What Influences Women To Pursue Computer Science
Written by Sue Gee   
Tuesday, 31 March 2015

Google Researchers recently presented the findings of a study looking at gender differences in High School students' decisions to study Computer Science.

As we have previously and repeatedly reported the proportion of women in computer science is worryingly low.

This is the starting point for a new research, authored by Hai Hong, Jennifer Wang, Jason Ravitz, Mo-Yun Lei Fong, all based at Google's Mountain View HQ, that will be published in the Proceedings of the 46th ACM Technical Symposium on Computer Science Education, ACM (2015). 

Their study was motivated by the need to increase women's participation in computer science which is seen as a:

critical workforce and equity concern

and quotes the following statistics:

  • Women make up only 26% of Computer Science (CS) and Mathematical Science professionals in the US

  • Female participation in CS at degree level has declined to 18% in 2012 from a peak of 37% in the mid-1980s.

Commenting on these proportions the researchers state:

This lack of female participation in CS exacerbates a problem with labor supply shortages: the overall need for computing professionals has severely outstripped the number of graduates entering the workforce.

This is the same message we have been hearing from Code.org and its partners and it is one that Google, among others is actively trying to tackle with various positive discrimination measures. Theories abound about what puts girls and young women off STEM subjects in general and CS in particular so a survey that addresses the question directly seems welcome. 

Building on previous research, the Google team considered 91 variables from previous studies and used factor analysis to group them and logistic regression to rate their importance. Their sample, which was geographically and academically diverse across the US consisted of 1090 women and 649 men. Half were in high school and half were recent college graduates. Half were interested in or had studied computer science.

The results indicated that, as far as women are concerned the most important factors influencing decisions to a pursue CS-related college degree are social encouragement, career perception, academic exposure, and self perception and that these factors occur before college.  

Social encouragement includes positive reinforcement from family, peers, and other adults. For the high school model, it comprises 28.1% of a young woman’s decision to pursue a CS related degree. Non-family encouragement (11%) is almost as important as familial support (17%) for young women.

Career Perception  includes familiarity with and perception of computing as having diverse applications and a broad potential for positive societal impact is the second most potent factor at 27.5%.

Academic Exposure Women who had opportunities to learn about computers were more likely to consider CS-related degrees than those without opportunities. Participation in CS courses and activities accounts for 22.4% of the factors influencing girls to pursue a CS-related degree.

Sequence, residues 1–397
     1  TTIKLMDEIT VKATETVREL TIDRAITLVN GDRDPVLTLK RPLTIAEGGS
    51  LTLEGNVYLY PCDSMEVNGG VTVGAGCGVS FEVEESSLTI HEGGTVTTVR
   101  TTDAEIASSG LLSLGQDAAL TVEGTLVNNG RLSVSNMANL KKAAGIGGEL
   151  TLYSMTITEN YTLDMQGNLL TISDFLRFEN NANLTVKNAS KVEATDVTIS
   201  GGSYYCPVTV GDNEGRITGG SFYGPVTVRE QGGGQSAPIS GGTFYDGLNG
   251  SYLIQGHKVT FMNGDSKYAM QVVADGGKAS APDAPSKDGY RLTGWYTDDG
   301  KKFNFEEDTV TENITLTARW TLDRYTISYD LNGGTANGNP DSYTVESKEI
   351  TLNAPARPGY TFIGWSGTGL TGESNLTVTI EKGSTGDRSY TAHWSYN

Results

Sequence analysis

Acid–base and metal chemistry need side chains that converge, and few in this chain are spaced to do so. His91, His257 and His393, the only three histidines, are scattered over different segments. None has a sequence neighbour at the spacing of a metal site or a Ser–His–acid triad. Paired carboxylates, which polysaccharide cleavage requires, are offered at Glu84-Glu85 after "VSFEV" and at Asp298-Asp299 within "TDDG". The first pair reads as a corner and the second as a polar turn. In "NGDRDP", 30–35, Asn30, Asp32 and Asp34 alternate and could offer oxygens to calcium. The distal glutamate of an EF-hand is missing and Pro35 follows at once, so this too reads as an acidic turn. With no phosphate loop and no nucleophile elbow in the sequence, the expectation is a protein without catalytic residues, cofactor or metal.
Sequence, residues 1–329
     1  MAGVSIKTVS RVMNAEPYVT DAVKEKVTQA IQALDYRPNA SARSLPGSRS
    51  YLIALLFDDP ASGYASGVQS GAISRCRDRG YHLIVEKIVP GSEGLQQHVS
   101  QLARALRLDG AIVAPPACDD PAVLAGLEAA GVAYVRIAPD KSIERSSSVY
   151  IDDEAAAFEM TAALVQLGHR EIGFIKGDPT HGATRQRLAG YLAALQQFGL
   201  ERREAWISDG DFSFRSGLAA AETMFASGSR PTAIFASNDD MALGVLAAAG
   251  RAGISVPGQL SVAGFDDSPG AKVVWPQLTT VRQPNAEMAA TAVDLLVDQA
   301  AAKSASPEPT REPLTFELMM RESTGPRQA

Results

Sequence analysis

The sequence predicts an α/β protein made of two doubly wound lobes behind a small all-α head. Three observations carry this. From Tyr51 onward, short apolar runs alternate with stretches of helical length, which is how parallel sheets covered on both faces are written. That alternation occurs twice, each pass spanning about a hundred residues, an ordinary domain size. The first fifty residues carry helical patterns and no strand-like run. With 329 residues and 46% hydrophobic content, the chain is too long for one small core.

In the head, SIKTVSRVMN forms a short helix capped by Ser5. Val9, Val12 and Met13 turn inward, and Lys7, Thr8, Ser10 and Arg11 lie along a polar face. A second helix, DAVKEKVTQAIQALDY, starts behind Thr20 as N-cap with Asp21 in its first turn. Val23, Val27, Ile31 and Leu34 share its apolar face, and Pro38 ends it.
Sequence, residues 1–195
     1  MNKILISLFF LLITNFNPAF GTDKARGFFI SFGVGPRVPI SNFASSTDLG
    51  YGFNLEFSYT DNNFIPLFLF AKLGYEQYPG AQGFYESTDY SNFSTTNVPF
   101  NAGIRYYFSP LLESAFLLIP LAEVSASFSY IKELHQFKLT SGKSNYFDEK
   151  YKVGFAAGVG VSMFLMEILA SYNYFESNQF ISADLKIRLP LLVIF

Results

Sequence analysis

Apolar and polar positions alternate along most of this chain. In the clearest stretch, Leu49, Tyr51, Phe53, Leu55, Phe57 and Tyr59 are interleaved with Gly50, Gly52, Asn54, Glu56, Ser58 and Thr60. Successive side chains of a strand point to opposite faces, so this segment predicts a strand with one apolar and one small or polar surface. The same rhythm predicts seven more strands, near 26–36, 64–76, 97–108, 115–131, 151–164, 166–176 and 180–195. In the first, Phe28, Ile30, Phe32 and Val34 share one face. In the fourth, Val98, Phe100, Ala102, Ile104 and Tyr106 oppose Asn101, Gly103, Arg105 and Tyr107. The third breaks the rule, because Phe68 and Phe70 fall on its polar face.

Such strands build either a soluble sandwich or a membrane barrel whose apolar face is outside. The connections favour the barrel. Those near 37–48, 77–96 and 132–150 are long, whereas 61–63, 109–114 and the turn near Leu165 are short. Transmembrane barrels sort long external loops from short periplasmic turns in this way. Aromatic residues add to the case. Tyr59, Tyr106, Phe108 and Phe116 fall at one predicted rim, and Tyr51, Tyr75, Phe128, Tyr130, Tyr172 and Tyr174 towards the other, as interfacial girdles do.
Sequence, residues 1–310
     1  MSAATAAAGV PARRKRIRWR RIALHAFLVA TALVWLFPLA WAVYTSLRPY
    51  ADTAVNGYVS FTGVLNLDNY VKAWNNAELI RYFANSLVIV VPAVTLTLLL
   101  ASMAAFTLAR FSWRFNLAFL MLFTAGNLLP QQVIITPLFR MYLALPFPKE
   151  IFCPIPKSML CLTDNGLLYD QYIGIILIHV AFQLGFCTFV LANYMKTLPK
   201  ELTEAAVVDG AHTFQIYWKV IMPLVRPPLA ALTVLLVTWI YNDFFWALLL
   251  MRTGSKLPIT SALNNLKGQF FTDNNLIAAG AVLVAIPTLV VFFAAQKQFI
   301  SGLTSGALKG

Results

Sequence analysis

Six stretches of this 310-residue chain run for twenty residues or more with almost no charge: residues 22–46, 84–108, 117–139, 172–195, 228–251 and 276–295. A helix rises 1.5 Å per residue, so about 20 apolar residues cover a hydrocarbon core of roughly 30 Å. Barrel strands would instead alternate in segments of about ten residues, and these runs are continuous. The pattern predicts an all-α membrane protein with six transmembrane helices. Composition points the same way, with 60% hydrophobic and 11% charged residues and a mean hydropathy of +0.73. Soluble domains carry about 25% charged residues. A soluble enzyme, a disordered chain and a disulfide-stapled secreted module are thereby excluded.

Self Perception Girls’ interest in and perceptions of their own proficiency in Mathematics and problem-solving significantly influence their wanting to pursue a computing-related education. In the high school model, this perception comprises 17.1% of the explainable factors. Among college students who had studied CS, women are significantly more likely than men (57% vs. 41%) to agree with the statement “I love math.”

The researchers were pleased to find that factors that could not be changed were relatively insignificant, stating:  

Our most heartening finding is the limited role that uncontrollable factors play in influencing the pursuit of a CS degree. For example, for high school girls, household income and ethnicity contribute only 4.9% to the explainable factors.

Based on their findings, the researchers conclude:

The four factors most related to female participation in computing fields are actionable.

They recommend the following to help get more girls into CS:

Social Encouragement Provide encouragement and support for participating in CS activities.

Career Perceptions Find role models and mentors and introduce broad applications of CS.

• Academic Exposure: Find opportunities to be creators, not just consumers, of technology; if opportunities don’t exist in the community or school, create something.

Self Perception Help develop building and spatial skills, problem-solving, resourcefulness, and creativity; offer a truly introductory CS course without pre-requisites. 

Organizations like Girls Who Code are already acting on these recommendations, by establishing computer clubs and  a summer immersion program exclusively for girls.  However to achieve gender parity in 2020 which is the organization's aim, more intervention is needed.




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Last Updated ( Tuesday, 31 March 2015 )